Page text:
NEW YORK — Detroit has become the only two-time winner on the top five list of fastest growing tech cities, according to the New York City tech job site Dice.com.
Detroit was No. 5 on the list this year, with year-over-year growth of 10 percent in tech job listings. Detroit was No. 1 on the list in 2011.
Back in 2011, Dice noted, “Detroit had more than 800 tech jobs posted on any given day, now it’s more than 1,100. Automation Alley, Michigan’s largest technology association, ranked the greater Detroit region among the best for its strong record of students completing science, technology, engineering and math (STEM) degrees.”
And, annual salaries for Detroit-based tech pros are rising at above average rates, up 7 percent from last year to $76,515 on average.
St. Louis, Mo. was No. 1 on this year’s Dice survey at 25 percent year-over-year growth in tech job listings, followed by Charlotte, N.C. (22 percent), Austin, Texas (16 percent) and Phoenix, Ariz. (13 percent).
“Detroit is a great place to be, and that’s what’s driving it,” siad Dice.com senior vice president Tom Silver. “I think what’s contributing to it is a growth in opportunity as well as a pretty good cost of living. Increasingly, people are moving from more traditional tech centers like the Valley and NYC where it’s really expensive, to cities like Detroit, which are a great place to live.”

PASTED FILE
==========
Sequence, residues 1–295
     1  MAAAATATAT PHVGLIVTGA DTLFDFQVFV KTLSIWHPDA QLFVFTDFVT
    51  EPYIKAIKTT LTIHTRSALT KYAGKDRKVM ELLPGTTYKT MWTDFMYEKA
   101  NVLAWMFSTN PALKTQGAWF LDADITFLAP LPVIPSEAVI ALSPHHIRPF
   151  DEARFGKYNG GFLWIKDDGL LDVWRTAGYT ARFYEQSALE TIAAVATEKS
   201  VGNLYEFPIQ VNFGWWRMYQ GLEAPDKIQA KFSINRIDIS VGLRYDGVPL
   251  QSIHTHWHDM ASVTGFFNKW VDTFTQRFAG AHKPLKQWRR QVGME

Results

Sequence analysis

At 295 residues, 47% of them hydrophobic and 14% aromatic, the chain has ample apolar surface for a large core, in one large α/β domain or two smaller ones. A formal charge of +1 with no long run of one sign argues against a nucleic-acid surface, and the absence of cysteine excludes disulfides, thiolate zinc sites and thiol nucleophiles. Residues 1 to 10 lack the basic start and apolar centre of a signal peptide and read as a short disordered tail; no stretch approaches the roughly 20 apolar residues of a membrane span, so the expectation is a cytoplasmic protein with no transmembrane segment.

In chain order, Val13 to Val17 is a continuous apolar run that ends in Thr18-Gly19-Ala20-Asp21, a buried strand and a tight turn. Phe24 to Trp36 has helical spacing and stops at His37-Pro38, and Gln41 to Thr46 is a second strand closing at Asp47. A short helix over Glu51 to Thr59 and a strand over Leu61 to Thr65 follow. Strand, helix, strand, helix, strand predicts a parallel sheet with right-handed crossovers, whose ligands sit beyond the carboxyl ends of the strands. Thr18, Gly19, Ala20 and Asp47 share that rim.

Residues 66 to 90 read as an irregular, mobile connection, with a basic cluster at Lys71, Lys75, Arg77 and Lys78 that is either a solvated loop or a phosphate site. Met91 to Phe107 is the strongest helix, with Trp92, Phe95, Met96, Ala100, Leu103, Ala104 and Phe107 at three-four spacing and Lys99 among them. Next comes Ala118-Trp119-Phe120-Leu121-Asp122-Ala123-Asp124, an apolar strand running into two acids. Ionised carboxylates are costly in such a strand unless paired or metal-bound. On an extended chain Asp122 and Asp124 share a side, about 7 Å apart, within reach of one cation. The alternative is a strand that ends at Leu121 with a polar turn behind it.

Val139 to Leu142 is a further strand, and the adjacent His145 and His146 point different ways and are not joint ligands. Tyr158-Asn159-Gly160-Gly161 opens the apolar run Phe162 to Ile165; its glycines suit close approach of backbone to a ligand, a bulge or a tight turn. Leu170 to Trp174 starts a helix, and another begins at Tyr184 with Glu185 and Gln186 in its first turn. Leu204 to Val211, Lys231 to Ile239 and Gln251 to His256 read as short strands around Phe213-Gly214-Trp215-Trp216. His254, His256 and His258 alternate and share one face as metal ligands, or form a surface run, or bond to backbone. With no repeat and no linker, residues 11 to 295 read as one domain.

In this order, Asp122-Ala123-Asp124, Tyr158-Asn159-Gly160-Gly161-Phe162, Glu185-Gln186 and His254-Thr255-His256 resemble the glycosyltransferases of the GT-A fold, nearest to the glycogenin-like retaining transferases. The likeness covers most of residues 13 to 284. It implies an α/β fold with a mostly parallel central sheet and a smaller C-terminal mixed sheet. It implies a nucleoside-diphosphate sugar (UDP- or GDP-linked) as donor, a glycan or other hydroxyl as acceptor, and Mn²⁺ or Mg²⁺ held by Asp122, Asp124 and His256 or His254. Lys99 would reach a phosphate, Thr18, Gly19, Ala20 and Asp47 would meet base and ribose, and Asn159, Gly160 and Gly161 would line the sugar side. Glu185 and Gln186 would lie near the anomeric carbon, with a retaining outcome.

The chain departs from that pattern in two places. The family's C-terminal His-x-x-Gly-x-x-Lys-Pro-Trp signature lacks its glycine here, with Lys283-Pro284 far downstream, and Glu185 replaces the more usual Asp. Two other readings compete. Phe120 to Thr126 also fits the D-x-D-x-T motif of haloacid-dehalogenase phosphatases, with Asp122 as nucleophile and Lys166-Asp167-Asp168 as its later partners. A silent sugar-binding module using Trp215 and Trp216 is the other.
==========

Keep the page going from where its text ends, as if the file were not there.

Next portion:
Employers are also discovering a “rich pool of talent” in cities like Detroit too — that they can get for more reasonable salaries, given the lower local cost of living.
Quicken Loans, Domino’s Pizza and New World Systems are among the high-profile companies now with listings on Dice.com, Silver said.
Dice noted that “with communities coming together to support start-ups, court large employers and fund STEM education initiatives — no one should be surprised that ‘traditional tech centers’ needs a new definition.”
St. Louis is growing on the back of an organization called the St. Louis Information Technology Entrepreneur Network. In North Carolina the growth is sharp in the energy industry, and in Phoenix, it’s precious metals.